How to Make a Molding Plane
Sticking with an 18th-century tool
by Norman Vandal
ou still can spot old molding planes in antique shops or
junk shops, but they aren't as common as they used to
be. Prices can be as low as $8 to $15, so people snap them
up to use as decorations. I can see displaying these old tools
because they are aesthetically pleasing, but it's really a shame
not to fix them up and use them. They were fine tools once
and can work just as well again.
I make a lot of period furniture, and I can't get along
without my set of old planes. When I needed a reverse ogee
molding with cove for a cornice on a cabinet, I decided to
make a plane to do the job, designed around an old iron I'd
found that had become separated from its original block.
I'll describe how to make such a plane from scratch, so
that if you come across an old molding plane or iron you will
be able to get it working again, regardless of its condition.
Whether you are starting with an old plane block or an old
iron, or from scratch, this is the general scheme: First you
must know the molding profile, which will determine the
width of the iron. Next you must shape the sole of the plane
to the reverse profile of the molding. Then you can true the
iron to the sole and start making molding.
If you come across a plane with a poorly shaped iron, don't
change the shape of the sole to conform. The contour of the
sole represents the molding the plane was designed to make.
A poorly matched iron is usually the result of inept sharpen-
ing or grinding. Recondition a damaged iron by annealing it
(softening it by heating), filing it to fit the sole and then re-
The style of plane I've chosen is based on the finer 18th-
century examples, and all the standard dimensions discussed
are characteristic of this period. You may, of course, alter the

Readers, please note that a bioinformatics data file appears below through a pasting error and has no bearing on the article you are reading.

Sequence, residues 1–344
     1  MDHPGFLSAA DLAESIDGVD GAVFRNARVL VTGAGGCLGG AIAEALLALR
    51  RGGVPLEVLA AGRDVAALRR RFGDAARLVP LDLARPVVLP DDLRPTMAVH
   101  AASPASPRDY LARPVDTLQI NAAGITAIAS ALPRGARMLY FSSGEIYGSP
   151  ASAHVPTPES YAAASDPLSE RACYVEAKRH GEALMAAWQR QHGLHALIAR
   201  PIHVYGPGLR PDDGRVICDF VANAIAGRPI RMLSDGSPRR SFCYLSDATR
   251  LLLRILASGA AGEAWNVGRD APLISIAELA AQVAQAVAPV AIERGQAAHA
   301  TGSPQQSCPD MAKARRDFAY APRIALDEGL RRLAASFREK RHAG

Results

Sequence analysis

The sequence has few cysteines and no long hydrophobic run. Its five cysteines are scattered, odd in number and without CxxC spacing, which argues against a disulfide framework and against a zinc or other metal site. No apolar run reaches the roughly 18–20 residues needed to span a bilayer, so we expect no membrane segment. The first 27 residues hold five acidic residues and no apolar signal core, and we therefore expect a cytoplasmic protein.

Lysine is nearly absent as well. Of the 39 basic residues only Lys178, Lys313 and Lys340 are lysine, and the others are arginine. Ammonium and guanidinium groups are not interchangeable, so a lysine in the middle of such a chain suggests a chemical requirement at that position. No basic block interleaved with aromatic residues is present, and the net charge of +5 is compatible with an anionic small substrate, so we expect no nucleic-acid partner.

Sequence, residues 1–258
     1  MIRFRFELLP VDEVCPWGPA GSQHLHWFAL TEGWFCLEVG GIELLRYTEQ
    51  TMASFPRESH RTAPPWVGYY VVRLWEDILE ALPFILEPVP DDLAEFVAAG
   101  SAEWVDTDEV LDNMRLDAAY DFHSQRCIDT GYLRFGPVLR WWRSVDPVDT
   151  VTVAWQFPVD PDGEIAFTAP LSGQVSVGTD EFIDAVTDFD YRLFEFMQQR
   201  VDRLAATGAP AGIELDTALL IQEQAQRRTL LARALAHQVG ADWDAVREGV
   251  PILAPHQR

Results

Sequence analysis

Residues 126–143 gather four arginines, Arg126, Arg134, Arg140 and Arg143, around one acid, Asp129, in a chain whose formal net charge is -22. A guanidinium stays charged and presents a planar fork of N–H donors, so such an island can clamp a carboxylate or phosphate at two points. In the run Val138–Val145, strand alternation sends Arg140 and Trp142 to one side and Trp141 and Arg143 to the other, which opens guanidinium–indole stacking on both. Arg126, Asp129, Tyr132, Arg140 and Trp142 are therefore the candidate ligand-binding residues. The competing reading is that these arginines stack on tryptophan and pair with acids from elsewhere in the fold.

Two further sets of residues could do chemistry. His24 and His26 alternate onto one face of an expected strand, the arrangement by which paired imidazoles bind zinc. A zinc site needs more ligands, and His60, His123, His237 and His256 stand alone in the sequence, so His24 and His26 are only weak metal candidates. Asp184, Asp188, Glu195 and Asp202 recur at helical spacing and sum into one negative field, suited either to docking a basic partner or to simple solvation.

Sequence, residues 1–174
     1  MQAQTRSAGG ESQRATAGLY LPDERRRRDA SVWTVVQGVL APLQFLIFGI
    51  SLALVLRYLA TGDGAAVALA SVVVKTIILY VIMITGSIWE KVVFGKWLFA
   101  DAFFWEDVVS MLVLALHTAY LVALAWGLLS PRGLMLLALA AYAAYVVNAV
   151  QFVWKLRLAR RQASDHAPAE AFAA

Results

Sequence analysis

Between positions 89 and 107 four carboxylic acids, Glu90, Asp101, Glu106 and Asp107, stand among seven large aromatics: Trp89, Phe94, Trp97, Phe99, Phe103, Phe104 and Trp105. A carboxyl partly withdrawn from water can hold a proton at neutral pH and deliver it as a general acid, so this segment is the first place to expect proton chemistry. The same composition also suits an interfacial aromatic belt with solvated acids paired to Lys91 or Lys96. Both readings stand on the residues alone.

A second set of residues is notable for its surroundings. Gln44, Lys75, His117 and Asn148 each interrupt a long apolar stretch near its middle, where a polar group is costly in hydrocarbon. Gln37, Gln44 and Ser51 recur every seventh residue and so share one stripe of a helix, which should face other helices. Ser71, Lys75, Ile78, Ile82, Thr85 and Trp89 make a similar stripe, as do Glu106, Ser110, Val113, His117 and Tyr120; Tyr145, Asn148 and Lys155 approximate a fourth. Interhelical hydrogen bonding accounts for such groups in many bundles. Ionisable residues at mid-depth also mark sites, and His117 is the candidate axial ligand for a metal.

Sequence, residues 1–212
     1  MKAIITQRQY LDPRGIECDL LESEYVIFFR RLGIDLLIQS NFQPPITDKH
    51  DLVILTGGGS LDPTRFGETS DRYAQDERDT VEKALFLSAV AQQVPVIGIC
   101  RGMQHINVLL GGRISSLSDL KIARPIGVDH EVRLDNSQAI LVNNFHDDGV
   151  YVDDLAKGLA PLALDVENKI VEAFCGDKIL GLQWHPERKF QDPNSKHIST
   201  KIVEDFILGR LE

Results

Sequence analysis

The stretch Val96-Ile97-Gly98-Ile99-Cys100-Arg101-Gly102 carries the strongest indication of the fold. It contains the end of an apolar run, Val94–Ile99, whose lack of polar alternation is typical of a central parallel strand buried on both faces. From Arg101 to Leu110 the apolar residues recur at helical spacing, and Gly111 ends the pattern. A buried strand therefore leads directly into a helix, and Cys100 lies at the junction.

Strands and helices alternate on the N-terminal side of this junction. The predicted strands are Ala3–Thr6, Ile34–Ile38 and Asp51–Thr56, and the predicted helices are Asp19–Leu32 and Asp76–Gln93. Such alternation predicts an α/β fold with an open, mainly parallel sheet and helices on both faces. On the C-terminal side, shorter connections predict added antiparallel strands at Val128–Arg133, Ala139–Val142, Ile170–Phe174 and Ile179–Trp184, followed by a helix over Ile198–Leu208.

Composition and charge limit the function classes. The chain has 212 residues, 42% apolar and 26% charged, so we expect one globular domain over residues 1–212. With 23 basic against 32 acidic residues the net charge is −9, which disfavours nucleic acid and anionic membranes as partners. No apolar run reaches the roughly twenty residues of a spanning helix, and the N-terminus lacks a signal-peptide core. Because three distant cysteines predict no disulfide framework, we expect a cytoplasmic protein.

design, but this pattern is a good starting point.
Molding shapes—Planes with an average length of 9 in. to
10 in., a height of 3 in., a thickness of from 1 in. to in.
and no handle have erroneously been accepted as "molding
planes." Many of these planes are for rabbeting, tongue-and-
grooving, dadoing and other purposes that have nothing to
do with making moldings. Molding planes produce moldings
on the edges of frame members called sticks, hence the pro-
cess is called sticking. Figure 1 shows some standard mold-
ings, and the bibliography at the end of this article includes
books that contain full-size drawings.
Simple moldings (composed of segments of circles or el-
lipses) are beads, quarter rounds, hollows and rounds, coves
or scotias, and astragal beads. Planes for making these profiles
are called simple molding planes. Complex moldings, often
broken up or set off by flats or fillets, are ogees, reverse ogees,
ovolos or compositions of various curves. Planes to stick these
shapes are called complex molding planes. There is another
Diagonal lines at spring angle
indicate cheeks of plane body.
These molding shapes, based on sections of a circle or an ellipse,
date back to a classical revival that began in Renaissance Europe,
and before then to Greece and Rome. They have been the stock-in-
trade of cabinetmakers, architects, builders and designers, and they
can be seen everywhere—from cornices on buildings to trim on
cabinets. Some period furnituremakers make do by shaping the
moldings with scratch-headers, but the king of tools for day-in and
day-out precision work is the molding plane.
The plane shown above began with an old iron. Vandal an-
nealed and reshaped the iron, then made a yellow-birch block to
suit. In the photo sequence below, the plane is tilted, or sprung,
so the fence will be pressed against the work. A series of passes
then takes progressively wider shavings, until the depth stop con-
tacts the work, and the plane ceases to cut.
class of planes generally used to cut wider moldings. These
planes are from 12 in. to 14 in. long, and have a throat,
wedge system and handle similar to common bench planes.
They have been dubbed "crown molding planes," though
this type of plane cuts many sorts of moldings other than
crowns or cornices.
The design—The first step in making any molding plane is
choosing the molding. Draw its section full-size, and refine
the drawing before beginning the plane. Simple planes can
make moldings up to about in. wide. Wider moldings
will have to be made with more than one plane, or with a
crown molding plane.
Use the molding section to construct a full-size drawing of
the heel, or rear, of the plane, as this will settle the size of the
block needed. The sole of any molding plane is the reverse
profile of the molding it cuts, plus the integral fence and the
depth stop. Looking at my plane from the rear, the fence is